Fire needs air: This is for couples that do everything together and do not give each other space or breathing room. There is nothing wrong with wanting to do things with your spouse, it only becomes a problem when that is all the two of you do. This can be suffocating for some partners, especially those who recharge on their own or those who might have separate friends and/or hobbies
Avoiding Codependency: A codependent relationship is characterized by one partner’s excessive emotional and psychological reliance on their spouse. Without boundaries, one partner becomes the caretaker, living their lives for their spouse and forgetting their wants and needs in the process. This is typically seen in relationships where one partner might be battling addiction or an illness.
Another situation where relationships can turn to codependency is when one party is solely responsible for the togetherness of the couple, the effort to build and maintain the relationship is one-sided. Having healthy boundaries will ensure that both parties contribute to the building of the relationship. In the case of caregiving, boundaries ensure that spouses become responsible for their actions.
Antidotes to Abuse: Abuse is any harm or threatened harm to another person, or any disregard for their well-being. Without boundaries, abusive partners can use force, violence, and manipulation to control their spouses.
Spouses in abusive marriages can be empowered by simply knowing that their voice, discomfort, pain, and hurt matter. When they put ultimatums and consequences to their partner’s harmful behavior, they are empowered. These are not easy situations but with help in communicating and enforcing boundaries a marriage in this cycle of abuse can be saved.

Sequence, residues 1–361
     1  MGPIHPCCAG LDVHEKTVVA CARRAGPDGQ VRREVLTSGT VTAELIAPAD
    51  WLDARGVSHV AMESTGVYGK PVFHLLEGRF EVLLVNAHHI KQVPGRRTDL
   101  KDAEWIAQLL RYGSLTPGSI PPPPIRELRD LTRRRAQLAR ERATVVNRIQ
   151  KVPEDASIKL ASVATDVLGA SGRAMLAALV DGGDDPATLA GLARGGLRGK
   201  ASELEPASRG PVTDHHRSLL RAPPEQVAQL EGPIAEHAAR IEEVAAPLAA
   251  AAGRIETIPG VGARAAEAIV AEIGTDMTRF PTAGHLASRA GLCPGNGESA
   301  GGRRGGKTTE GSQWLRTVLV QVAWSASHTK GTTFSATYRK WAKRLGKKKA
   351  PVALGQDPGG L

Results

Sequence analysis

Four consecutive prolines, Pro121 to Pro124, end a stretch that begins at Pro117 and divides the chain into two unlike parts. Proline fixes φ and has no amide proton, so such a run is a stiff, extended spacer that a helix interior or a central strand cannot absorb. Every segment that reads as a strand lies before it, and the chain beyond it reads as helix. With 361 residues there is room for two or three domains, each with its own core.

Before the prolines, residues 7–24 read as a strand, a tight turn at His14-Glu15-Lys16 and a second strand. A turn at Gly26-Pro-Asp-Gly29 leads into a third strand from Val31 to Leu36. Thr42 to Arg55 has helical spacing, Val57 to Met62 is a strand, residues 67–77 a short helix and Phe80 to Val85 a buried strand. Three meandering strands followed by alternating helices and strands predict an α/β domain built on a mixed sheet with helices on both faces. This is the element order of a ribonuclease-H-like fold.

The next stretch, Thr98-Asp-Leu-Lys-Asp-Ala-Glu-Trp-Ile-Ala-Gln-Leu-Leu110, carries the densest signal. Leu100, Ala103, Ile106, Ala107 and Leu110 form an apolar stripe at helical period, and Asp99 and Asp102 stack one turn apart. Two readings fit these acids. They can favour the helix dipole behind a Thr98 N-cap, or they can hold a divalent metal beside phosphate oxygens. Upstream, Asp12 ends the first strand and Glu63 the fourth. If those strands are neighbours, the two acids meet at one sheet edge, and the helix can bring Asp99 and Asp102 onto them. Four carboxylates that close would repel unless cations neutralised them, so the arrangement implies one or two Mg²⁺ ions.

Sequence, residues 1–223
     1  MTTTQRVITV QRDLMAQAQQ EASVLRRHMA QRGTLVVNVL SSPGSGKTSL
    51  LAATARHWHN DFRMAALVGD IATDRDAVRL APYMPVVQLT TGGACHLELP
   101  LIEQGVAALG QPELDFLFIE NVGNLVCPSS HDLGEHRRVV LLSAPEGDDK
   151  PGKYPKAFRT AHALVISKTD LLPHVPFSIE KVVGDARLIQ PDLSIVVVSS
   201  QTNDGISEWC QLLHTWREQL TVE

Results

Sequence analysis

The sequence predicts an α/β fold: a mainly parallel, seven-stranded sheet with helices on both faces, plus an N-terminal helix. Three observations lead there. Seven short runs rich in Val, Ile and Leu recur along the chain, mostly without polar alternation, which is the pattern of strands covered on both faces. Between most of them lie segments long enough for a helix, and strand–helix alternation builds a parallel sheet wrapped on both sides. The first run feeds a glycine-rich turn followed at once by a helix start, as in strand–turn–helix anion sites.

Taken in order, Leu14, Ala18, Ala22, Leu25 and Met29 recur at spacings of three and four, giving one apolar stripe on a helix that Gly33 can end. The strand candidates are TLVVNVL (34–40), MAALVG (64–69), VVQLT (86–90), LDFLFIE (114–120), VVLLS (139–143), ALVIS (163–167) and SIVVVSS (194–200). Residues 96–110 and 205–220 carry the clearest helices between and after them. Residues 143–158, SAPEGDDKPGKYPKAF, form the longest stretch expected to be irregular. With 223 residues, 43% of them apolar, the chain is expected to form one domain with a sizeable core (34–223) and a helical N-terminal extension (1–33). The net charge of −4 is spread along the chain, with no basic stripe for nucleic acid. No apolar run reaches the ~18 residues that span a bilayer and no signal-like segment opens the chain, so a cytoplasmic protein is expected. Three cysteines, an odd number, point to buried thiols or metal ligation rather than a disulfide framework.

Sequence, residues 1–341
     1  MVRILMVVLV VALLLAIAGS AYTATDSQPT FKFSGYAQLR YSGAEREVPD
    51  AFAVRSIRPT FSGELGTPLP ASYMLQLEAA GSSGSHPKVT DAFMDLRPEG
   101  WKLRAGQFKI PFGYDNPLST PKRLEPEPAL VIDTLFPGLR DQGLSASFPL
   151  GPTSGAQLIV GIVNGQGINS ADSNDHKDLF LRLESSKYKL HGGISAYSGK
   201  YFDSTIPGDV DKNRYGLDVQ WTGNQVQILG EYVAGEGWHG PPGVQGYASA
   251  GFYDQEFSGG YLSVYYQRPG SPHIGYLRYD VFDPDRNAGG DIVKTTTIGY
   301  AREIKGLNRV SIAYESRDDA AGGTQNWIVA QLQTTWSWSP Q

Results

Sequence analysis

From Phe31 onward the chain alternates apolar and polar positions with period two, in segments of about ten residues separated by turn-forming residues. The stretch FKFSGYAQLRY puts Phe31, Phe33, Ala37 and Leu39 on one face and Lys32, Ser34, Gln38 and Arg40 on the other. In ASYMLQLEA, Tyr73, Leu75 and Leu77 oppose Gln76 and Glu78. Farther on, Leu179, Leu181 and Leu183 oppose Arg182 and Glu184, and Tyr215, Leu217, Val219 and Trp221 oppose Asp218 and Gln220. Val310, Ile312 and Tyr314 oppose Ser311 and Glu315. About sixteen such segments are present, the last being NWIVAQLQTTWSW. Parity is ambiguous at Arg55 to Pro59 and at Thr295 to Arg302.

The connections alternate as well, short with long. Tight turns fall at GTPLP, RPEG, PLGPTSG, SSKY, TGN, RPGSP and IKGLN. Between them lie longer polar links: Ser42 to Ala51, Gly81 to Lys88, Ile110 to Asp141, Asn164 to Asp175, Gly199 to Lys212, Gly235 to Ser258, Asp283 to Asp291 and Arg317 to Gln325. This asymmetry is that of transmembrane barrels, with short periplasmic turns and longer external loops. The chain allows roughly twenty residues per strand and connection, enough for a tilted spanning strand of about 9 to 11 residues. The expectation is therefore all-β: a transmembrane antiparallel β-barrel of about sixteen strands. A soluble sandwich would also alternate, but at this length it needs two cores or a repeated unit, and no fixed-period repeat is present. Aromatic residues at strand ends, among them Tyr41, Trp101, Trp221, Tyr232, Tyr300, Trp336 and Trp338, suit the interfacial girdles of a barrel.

We become responsible for our happiness: One of the difficult truths that married couples struggle to come to terms with is that their spouse is not responsible for their happiness. Each person is responsible for their happiness and fulfillment in life.
Yes, your spouse is an important part of you and your marriage can bring you joy or sorrow. However, ultimately, putting our joy and happiness in the hands of someone else, even if that person is our spouse, is setting us up for disappointment. This is an unrealistic expectation to put on another person.
Communication with Respect: Communication is the bedrock of any relationship. If there are healthy boundaries on how a couple communicates it can deepen their understanding of each other and in turn their intimacy.
If a couple agrees that they will not shout, use abusive language or be critical in their communication it ensures that they will always be willing to listen and share. Boundaries in communication can also extend to how a couple handles moments of conflict or how they talk to each other in front of other people or how they choose to show